If you can believe it, and you should since it makes a lot of sense, the history behind the infamous Freddy Krueger theme song is derived from a children’s nursery rhyme. If you can remember “One, two, buckle my shoe”, then you can see how the rhyme could easily be adapted to Krueger’s chilling theme song that was sung by the three young girls in their gleaming white party dresses. These were presumably victims of Krueger when he was still alive and either murdering or molesting children, depending on whether you go by the original story or the reboot. But as haunting as it is, the song was originally meant to be a spoof of the nursery rhyme. Somehow it ended up being something a lot more terrifying since it had people afraid to go to sleep at times after watching the movie.
If you can recall, the rhyme goes:
“One, two, Freddy’s coming for you.
Three, four, better lock your door.
Five, six, grab your crucifix.
Seven, eight, better stay up late.
Nine, ten, never sleep again.”
Tell me that’s not chilling and you might be a child born in the 90’s or later after Freddy was considered more of a horror legend to many and kind of a campy joke to others. The famed murderer’s fame kind of went away once the landscape of horror movies began to change and special effects started going the way of CGI. After his first two movies however things took a decidedly downward turn, though after part five it’s shown once again that the lyrics are very flexible as one line changed.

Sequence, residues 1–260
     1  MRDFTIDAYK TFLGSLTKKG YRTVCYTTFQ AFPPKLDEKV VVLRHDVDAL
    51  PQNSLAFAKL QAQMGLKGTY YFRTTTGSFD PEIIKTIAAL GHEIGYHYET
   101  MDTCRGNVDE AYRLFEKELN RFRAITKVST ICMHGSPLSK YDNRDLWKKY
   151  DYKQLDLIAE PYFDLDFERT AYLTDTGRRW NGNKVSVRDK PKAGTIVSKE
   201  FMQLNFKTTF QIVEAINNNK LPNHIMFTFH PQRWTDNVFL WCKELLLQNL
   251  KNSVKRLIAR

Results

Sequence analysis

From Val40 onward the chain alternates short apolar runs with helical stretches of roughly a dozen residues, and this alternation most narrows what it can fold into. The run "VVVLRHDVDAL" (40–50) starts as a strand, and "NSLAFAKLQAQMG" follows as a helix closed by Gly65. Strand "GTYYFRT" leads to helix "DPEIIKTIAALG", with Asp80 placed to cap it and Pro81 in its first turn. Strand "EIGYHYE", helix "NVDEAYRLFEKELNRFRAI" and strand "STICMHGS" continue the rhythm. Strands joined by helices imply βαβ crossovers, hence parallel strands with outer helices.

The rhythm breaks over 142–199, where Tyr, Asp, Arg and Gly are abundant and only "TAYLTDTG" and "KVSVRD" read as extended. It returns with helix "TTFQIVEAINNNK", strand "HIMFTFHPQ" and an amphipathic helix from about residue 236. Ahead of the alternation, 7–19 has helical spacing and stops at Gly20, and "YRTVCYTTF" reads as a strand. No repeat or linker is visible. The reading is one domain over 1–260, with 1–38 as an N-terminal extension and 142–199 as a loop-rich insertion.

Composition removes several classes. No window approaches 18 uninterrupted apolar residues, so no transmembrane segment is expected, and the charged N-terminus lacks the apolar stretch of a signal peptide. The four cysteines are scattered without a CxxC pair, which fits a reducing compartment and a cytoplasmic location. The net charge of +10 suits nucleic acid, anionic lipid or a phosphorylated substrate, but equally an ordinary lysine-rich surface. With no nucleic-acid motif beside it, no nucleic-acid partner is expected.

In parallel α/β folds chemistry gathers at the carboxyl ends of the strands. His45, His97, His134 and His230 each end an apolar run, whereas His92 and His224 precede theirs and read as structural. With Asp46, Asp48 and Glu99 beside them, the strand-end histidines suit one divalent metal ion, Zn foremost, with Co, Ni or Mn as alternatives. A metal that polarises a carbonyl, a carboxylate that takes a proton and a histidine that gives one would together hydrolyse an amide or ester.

“Nine, ten, Freddy’s back again.”
To be honest after four times you’d think they would find a way to get rid of him for good, but Freddy is a persistent killer and keeps finding ways to come back. Thankfully after the Final Nightmare the thing that was impersonating the movie monster was killed and the nightmare finally ended, at least until the reboot came along. It wasn’t met with much enthusiasm however as in the minds of those that remember the first Freddy the new one didn’t quite live up to the hype. There was just something off about the whole thing, as though it didn’t feel right. Perhaps it was the fact that they showed Freddy begging for his life when the townsfolk came to burn him alive in his own boiler room. There’s no clear memory of him being repentant in any way or weak enough to beg when the first movies came out. He was actually kind of proud of what he’d been doing and simply wanted vengeance on those that had killed him.
Unfortunately the story degenerated as the movies wore on and his origin became something of a bad joke as the dream demons that gave him his power were something that fans didn’t really care for, as it gave too much in a way that was just extremely campy. Had they left the mystique of how he’d become a supernatural killer it might have been better. But the theme song is still enough to send chills down a person’s spine.